Attorney-at-Law

“WE DON’T NEED NO INSTALLMENT METHOD”

In Uncategorized on 12/11/2019 at 18:09

Though it’s not a business model any of my developer clients would use, and I certainly would not recommend it, Joyner Family Limited Partnership, Gary Joyner Revocable Trust, A Partner Other Than The Tax Matters Partner, Janel Joyner Revocable Trust, A Partner Other Than The Tax Matters Partner, And Joyner Investment Company, Inc., Tax Matters Partner, 2019 T. C. Memo. 159, filed 12/11/19, can continue using cash method accounting even though they are dealers and thus precluded from using Section 453 installment method reporting.

IRS wants to slug the Joyners with $8 million in tax, claiming the notes the Joyners took from their down-and-out customers in payment for marked-up land and mobile homes were worth face. Except. Six years into the program, 92% of the notes were in default, and the Joyners’ expert witnesses testified no bank would buy them.

“Typically, JFLP’s customers had not previously owned homes.  They were primarily low income, had poor credit histories and unstable employment histories, and could not obtain traditional financing to purchase homes.  JFLP offered affordable housing.  Mr. Joyner determined the amount of the monthly payment on the basis of what the customer could afford.  Monthly payments ranged from $100 to $700.“  2019 T. C. Memo. 159, at pp. 7-8.

Judge Goeke has this one.

“The Joyners are well respected in the community.  They rarely declined to sell to a prospective buyer except if they suspected the buyer was involved with drugs.  Their philosophy was to give people a chance.  For some buyers JFLP obtained the necessary information to perform credit checks, but the Joyners did not perform credit checks because of the costs of running credit checks and because Mr. Joyner believed that the buyers’ poor financial situation made the credit checks pointless.  Mr. Joyner would ask prospective buyers whether they had jobs, but he did not request any documentation, such as pay stubs, or otherwise verify their employment or income.” 2019 T. C. Memo. 159, at p. 8.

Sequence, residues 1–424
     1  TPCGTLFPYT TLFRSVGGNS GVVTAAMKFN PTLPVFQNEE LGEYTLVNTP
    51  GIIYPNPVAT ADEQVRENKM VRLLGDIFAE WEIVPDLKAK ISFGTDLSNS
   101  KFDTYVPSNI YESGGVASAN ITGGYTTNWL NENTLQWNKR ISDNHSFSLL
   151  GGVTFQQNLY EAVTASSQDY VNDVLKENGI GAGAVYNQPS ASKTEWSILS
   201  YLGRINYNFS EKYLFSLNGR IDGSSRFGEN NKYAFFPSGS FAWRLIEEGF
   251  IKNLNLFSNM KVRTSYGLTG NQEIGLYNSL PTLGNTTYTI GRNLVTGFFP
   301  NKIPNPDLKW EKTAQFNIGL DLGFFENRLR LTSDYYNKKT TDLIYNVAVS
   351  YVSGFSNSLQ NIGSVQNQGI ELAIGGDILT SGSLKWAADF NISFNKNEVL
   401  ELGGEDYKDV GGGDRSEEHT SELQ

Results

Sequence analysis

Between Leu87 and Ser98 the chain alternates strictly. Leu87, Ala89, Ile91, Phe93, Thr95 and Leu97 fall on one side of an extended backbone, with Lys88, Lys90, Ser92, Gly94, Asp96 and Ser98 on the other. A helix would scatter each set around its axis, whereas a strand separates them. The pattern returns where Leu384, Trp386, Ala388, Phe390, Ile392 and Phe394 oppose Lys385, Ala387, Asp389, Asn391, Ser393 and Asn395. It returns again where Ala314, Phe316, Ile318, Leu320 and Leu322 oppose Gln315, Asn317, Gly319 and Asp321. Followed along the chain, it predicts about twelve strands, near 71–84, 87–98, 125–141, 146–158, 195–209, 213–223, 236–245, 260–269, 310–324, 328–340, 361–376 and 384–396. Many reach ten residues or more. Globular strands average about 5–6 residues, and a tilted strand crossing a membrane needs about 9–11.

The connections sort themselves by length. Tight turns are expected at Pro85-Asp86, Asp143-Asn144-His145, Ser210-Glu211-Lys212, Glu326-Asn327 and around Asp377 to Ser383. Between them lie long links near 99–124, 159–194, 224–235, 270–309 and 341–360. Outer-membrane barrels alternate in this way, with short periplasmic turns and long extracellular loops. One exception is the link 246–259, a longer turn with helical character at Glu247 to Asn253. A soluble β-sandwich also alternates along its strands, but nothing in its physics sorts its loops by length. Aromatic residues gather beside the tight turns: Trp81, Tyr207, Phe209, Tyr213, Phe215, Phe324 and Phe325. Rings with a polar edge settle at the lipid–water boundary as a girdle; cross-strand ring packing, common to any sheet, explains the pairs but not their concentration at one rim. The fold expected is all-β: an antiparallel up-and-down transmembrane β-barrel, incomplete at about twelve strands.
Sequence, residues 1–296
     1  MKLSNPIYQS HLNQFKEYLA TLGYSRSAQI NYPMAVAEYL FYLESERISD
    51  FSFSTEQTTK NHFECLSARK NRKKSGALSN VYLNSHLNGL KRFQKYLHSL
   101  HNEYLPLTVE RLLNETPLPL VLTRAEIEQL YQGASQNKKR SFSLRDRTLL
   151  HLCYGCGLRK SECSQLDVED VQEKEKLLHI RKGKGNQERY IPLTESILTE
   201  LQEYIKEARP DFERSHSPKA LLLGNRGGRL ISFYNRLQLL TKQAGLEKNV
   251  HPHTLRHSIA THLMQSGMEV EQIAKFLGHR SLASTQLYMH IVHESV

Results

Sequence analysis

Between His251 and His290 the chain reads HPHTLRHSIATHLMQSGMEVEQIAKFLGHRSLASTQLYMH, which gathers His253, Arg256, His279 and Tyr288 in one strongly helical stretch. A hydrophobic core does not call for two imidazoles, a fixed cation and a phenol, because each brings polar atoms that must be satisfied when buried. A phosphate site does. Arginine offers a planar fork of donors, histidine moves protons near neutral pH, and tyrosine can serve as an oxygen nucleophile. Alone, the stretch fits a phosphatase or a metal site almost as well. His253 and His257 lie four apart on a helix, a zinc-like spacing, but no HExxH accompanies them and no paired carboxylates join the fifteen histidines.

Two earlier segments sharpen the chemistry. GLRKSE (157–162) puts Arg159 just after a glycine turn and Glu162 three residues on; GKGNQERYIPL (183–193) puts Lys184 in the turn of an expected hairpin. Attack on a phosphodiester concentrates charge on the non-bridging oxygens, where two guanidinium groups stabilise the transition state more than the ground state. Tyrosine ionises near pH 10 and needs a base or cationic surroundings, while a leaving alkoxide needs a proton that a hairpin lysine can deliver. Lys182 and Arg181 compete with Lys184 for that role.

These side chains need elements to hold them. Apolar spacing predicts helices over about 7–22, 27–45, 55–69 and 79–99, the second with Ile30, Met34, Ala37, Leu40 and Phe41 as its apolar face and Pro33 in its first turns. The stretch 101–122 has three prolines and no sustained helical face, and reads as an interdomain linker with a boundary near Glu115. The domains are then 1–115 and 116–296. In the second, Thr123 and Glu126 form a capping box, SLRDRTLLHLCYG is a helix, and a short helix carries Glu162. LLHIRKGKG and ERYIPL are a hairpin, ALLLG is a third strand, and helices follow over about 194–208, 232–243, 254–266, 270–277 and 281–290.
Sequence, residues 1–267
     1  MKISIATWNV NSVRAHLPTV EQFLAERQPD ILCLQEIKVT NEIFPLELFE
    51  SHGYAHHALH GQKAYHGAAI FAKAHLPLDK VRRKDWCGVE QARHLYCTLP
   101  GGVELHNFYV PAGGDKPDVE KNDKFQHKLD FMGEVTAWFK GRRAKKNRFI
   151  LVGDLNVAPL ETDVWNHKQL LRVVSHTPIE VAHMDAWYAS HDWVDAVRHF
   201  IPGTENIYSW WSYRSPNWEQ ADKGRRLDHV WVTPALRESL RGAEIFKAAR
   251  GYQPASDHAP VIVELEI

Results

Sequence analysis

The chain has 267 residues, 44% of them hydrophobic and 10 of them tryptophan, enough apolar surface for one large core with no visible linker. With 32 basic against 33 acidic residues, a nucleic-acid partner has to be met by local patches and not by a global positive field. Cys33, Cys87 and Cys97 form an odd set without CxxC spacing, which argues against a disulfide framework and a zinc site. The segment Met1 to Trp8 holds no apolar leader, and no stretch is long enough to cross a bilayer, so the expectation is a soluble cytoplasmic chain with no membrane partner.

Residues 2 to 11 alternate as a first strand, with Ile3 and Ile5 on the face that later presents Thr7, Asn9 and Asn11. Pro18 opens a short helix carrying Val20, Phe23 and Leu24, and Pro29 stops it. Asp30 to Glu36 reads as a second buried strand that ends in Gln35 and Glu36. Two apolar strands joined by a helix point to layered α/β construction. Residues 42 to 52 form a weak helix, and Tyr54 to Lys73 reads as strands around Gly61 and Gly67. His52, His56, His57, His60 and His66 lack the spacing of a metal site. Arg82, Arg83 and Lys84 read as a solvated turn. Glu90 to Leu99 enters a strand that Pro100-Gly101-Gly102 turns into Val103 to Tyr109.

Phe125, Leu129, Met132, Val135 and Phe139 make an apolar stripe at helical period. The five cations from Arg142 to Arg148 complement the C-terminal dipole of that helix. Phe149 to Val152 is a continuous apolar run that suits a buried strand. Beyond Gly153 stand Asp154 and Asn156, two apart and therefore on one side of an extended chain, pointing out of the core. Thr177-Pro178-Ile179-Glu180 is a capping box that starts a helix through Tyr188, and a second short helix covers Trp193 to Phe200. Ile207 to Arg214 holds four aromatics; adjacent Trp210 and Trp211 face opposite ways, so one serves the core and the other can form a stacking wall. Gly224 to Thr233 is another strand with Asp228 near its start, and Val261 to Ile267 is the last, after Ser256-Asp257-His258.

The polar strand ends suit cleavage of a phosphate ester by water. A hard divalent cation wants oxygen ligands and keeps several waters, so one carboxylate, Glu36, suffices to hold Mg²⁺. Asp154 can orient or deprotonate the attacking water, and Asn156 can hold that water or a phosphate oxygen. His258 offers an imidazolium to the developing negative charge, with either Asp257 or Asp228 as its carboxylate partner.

The Joyners let defaulting purchaser/borrowers transition to renters, and waited until several note payments were in default before trying to collect. They used their trusty CPA who had advised other developers similarly situated. They bought their land sale agreements, notes, and landlord-tenant documents from an office supply store. I hope it was the one with which one of my nearest and dearest is associated.

By now my developer clients have stopped reading, and reached for an Anacin.

IRS wins on the Section 453 closeout. No question the Joyners are dealers.

But IRS goes full-throttle Michael Corleone on everything else.

They raise the accounting stuff post-trial, so that’s out. No Section 446 change in accounting method; IRS is too late in asserting right to change method, and their method is no better than the Joyners’ cash basis. The Joyners’ bookkeeping flaws don’t disturb Judge Goeke’s result. IRS claims Section 1038 bars the Joyners from bad debt treatment on defaulted notes when they took back the mobile homes, but when they claimed  bad debt deduction the IRS first allowed it on the FPAA, and then disallowed it in the amendment to the answer. “Further, respondent makes the nonsensical argument that JFLP should be taxed on the notes’ face values but denied a worthless debt deduction because petitioners have not established the notes had value when executed, a requirement for a worthless debt deduction.” 159 T. C. Memo. 159, at p. 47, footnote 11 (Citation omitted).

I’ll spare you the rest. There’s a Rule 155 beancount, of course, but the Joyners should congratulate their able counsel, Juan F. Vasquez., Jr., Esq., Jaime Vasquez, Esq., A. Leonides Unzeitig, Esq., and Adrian Ochoa, Esq.

  1. […] Taishoff has We Don’t Need No Installment Method. He beautifully caps the discussion of the accounting methods and operations of […]

    Like

  2. […] Taishoff has We Don’t Need No Installment Method. He beautifully caps the discussion of the accounting methods and operations of […]

    Like

  3. […] Taishoff has We Don’t Need No Installment Method. He beautifully caps the discussion of the accounting methods and operations of […]

    Like

Leave a Reply

Please log in using one of these methods to post your comment:

WordPress.com Logo

You are commenting using your WordPress.com account. Log Out /  Change )

Google photo

You are commenting using your Google account. Log Out /  Change )

Twitter picture

You are commenting using your Twitter account. Log Out /  Change )

Facebook photo

You are commenting using your Facebook account. Log Out /  Change )

Connecting to %s

This site uses Akismet to reduce spam. Learn how your comment data is processed.

%d bloggers like this: